An email formatted like a magazine? It's like it was designed in 1939 or something.
Huh. For some reason that black guy seems oddly out of place with the overall motif they've got going here ...
Well, to start, their logo looks like a Nazi reference from a dystopian sci-fi film.
"All men must use their assigned positions to defend the common goal!"
Of course, the swastika is a pretty simple shape, so it's understandable if you accidentally designed an abstract logo that's vaguely reminiscent of it. But how do you explain the severe and unflinching presence of the phrase "New Order" right next to it? If the term doesn't ring a bell, "The New Order" referred to Nazi-occupied Europe and was one of Hitler's favorite wacky catchphrases, right up there with "Do the Schutzstaffel shuffle!" and "I did NAZI that coming!"
The group's head of media, David Sternberg, released a full apology and promised to launch an internal investigation, which eventually concluded that the whole thing was a "bloody accident," no doubt enabled by decades of ceaseless World War II references in British comedies.
The JC Penney Tea Kettle of Intolerance
Check out the above JC Penney billboard for a new designer teapot. Do you see it?
No? You've no idea what might be off about this picture?
It's the pun, silly! This kettle has "the bells and whistles you deserve." Kettles whistle, and this one has a bell. Get it? Hahaha.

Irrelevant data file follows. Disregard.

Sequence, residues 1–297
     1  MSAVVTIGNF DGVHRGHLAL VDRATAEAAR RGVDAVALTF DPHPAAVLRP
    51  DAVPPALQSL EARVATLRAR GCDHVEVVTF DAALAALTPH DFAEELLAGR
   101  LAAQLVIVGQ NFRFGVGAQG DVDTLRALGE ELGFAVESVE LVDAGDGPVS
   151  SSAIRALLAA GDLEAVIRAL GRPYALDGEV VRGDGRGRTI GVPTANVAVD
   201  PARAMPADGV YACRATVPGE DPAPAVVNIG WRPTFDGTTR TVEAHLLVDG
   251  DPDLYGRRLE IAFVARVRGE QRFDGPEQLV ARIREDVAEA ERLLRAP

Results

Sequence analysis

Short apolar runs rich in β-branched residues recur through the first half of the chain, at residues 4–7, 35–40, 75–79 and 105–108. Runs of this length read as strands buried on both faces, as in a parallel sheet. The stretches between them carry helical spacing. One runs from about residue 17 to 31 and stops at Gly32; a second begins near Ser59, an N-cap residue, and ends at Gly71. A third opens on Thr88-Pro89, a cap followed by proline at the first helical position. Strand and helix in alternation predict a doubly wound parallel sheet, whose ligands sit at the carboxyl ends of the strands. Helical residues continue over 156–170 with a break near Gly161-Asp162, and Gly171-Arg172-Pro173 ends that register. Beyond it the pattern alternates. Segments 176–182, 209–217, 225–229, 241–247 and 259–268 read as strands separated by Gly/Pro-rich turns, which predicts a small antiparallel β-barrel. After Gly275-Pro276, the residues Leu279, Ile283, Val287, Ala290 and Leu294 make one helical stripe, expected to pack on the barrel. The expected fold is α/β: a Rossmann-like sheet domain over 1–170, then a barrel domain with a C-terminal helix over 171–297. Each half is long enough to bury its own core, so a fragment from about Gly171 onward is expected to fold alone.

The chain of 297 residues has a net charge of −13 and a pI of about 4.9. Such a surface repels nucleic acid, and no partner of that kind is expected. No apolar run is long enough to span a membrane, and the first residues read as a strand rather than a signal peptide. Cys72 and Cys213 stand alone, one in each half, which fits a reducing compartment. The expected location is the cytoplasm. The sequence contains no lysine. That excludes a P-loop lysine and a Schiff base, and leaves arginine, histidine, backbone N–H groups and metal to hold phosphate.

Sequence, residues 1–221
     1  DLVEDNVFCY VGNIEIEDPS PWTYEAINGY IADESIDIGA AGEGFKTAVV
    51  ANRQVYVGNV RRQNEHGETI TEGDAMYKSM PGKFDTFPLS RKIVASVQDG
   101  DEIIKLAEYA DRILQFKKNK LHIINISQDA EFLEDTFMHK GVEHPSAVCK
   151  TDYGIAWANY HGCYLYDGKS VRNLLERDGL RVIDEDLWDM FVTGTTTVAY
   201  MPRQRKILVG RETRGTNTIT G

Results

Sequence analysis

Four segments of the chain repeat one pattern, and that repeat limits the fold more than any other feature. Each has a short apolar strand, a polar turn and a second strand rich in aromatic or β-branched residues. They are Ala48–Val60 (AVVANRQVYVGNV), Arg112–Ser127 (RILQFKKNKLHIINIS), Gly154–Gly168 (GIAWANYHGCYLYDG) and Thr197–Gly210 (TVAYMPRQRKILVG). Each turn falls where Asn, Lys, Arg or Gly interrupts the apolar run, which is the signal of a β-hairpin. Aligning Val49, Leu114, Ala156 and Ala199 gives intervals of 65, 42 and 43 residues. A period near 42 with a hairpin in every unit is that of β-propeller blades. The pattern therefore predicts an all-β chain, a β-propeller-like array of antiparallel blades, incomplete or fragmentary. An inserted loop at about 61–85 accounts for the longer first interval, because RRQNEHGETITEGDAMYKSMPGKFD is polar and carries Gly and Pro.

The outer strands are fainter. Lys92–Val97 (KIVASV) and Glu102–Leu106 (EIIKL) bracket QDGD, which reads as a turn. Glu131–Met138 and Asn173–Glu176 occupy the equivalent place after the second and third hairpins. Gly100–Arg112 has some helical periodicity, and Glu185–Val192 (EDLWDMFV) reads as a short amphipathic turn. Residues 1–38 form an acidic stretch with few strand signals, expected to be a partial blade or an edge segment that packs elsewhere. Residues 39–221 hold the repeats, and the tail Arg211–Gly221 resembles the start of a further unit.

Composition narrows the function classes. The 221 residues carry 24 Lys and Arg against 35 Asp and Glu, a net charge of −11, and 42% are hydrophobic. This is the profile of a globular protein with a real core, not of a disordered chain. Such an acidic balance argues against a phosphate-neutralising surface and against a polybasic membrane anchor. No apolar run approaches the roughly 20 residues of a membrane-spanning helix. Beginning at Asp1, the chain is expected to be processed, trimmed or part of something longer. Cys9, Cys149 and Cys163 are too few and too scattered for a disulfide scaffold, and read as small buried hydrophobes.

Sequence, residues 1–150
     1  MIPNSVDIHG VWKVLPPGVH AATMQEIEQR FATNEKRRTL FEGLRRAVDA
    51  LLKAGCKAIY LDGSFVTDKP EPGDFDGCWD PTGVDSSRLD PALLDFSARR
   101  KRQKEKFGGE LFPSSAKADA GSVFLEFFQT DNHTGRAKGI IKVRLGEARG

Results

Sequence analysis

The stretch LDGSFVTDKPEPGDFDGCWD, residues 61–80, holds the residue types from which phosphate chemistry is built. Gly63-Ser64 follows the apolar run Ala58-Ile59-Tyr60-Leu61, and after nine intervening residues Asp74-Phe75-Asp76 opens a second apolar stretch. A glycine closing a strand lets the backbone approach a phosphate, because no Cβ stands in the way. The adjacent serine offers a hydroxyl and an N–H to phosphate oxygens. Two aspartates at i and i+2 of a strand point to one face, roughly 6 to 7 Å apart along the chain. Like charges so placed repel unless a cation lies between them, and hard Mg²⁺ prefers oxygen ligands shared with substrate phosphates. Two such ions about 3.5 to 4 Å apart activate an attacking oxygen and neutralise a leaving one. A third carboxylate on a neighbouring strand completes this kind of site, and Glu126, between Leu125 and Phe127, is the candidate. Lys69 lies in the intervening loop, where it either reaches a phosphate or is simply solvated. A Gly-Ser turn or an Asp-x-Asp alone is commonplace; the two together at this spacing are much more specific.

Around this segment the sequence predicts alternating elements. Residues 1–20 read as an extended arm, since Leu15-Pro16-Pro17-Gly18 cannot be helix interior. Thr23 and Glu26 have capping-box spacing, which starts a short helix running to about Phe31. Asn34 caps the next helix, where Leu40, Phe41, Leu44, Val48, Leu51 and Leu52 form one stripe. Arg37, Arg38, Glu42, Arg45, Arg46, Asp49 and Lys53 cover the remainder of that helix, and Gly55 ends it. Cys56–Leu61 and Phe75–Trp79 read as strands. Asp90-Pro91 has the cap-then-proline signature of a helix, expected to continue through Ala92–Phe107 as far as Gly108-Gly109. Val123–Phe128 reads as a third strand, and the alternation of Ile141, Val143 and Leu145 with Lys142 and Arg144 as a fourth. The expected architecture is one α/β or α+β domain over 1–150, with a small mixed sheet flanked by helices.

Also the teapot looks like a saluting Hitler.
Wait, what? How can a teapot look like-
"Here is my handle, and here is my Lebensraum."
There is no way that was intentional on the part of the designer. It's a total case of pareidolia. But look again: You can't deny it -- the lopsided hairstyle handle, the knob mustache, the saluting spout ... hell, thanks to a poorly placed side-handle, it's even wearing a little tie. This is the Manchester United of kettles.
It was Reddit that first pointed out the resemblance and Patton Oswalt who, thanks to his crippling lack of faith in humanity, first predicted that sales of the teapot would skyrocket. Which, obviously, they did. Adolf Kettler sold out online almost instantly.
Most buyers put their purchase on top of their oven.
With fame comes notoriety, and soon even the Anti-Defamation League was chiming in to criticize a kettle that looked like a Nazi. So JC Penney decided to take down its billboard and cease sales of the teapot, instead leaving consumers to search for the Fuhrer in their toast slices and cereal bowls like the rest of us.
The History Channel Casts Familiar Face as Satan
There's only, what, a few billion years of history to pull from, tops? Obviously the History Channel was going to run out of relevant content to cover within a decade, so it's understandable that they moved on to more abstract concepts, like this miniseries about the life of Christ. Of course, any movie about Jesus needs a Satan, and to fill that quota, they hired Moroccan actor Mehdi Ouazzani, who is a veteran of biblical-era films and looked sinister enough to portray the prince of lies.
After playing "Old Testament slave trader" and his time in The Satanic Angels, Ouazzani was worrying a bit about typecasting.
The problem came when a few billion people in a niche audience called "Americans and people who have heard of America" noticed that the devil looked strangely familiar: